Your comments welcome.


Saturday, April 3, 2010


Chatter is a new way for people to communicate in the company. It is considered’s collaboration cloud. It allows an individual the opportunity to follow anyone in the company on any project. Everything is in one place, Chatter has the same collaboration features on Facebook or Twitter combined with the sharing and security rules of Salesforce. One of the coolest things about Chatter is the filters, you can follow just your team or you can follow your largest account, it is your call. Twitter is also integrated into this tool, when relevant accounts or topics get mentioned on Twitter it goes into the Chatter feed. Preview and comment on a newly posted project plan directly in the feed. It also allows you to follow back end applications such as HR. Custom apps that are developed on the platform will update automatically to a live feed that filters into Chatter. You can follow everything that goes on inside of the company making sure no one is left out of the loop. With the platform, you can track any data you want, such as orders, discounts, references, competitors... anything. This CRM app reflects your business in a real time feed which, allows developers using to build a social app with just a few mouse clicks. Of course Chatter works with your iPhone and Blacberry. Real time insights that lead to better decisions that is what Chatter stands for!!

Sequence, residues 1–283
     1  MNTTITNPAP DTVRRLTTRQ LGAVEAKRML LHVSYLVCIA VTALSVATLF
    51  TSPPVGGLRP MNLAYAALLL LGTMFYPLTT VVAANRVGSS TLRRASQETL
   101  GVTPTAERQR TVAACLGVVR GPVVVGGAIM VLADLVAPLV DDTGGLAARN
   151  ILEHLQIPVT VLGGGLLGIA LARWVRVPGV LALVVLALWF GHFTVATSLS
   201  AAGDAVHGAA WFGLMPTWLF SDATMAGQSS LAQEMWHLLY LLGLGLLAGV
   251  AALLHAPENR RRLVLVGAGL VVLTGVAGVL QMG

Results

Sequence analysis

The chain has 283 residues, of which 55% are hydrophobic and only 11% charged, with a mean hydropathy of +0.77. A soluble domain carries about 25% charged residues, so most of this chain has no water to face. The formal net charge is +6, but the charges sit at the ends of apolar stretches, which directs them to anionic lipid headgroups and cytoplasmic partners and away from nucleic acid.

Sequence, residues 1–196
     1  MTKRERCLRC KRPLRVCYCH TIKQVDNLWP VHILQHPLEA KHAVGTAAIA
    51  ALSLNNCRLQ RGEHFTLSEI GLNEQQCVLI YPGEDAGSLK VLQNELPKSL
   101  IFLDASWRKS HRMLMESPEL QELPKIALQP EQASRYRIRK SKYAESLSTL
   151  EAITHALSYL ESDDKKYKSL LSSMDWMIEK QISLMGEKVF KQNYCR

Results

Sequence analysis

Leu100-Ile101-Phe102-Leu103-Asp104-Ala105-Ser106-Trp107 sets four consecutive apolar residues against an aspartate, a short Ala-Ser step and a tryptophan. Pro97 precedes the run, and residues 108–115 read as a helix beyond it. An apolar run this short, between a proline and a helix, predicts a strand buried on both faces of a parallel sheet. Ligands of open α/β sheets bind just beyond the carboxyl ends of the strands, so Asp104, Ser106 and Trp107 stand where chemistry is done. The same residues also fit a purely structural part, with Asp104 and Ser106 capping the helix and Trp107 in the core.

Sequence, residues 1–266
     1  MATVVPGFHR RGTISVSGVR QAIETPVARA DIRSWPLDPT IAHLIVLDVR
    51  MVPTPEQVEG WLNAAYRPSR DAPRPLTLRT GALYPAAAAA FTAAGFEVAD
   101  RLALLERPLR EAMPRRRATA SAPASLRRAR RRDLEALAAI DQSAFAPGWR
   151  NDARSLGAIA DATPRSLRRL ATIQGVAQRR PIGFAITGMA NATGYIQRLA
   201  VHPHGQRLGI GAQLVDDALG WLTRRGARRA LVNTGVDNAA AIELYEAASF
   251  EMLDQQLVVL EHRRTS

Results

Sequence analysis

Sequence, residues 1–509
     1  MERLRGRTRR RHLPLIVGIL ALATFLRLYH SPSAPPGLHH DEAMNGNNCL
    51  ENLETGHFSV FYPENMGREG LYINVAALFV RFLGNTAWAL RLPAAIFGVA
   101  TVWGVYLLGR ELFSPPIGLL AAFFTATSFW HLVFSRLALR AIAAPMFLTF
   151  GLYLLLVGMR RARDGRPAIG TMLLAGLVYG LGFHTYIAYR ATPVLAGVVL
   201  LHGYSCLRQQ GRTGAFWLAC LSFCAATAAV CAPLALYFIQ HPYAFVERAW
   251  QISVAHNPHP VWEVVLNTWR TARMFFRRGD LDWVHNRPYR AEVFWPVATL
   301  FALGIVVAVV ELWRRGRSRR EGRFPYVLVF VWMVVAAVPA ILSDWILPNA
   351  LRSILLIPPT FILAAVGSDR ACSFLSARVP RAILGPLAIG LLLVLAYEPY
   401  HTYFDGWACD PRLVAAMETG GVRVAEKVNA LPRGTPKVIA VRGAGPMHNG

Thursday, April 1, 2010

Interview with David Skyberg

On 3-30-2010 I talked with David Skyberg an alum of the CSIX Cloud Computing SIG. He is a technical product manager for Ping Identity. His job is to seek out what the market needs and where the market is going. He then delivers his ideas to the engineers that create the product for Ping Identity customers. Ping Idenity has over 125 SaaS customers and Federated Identity is his business. Federated Identity, in a non technical description, allows you to make a reservation for a flight and that same check in (Identity scan) would allow you to make a reservation for a hotel, allowing you to surf the internet with one ID scan. What Dave loves most about the position Ping Identity has in the Cloud is that it makes it viable and accessible. He mentioned to look out for SAML claims based integration of authorization and authentication of Federated Identity. He also mentioned claims based authentication by Microsoft leveraging WCF and WIF smart clients Integration with AZURE. One thing he expects to change is the adoption or migration away from OPENID. A big thanks to David Skyberg for making room in his busy schedule to participate in a short interview, CSIX Cloud Computing SIG wishes him the best at Ping Identity.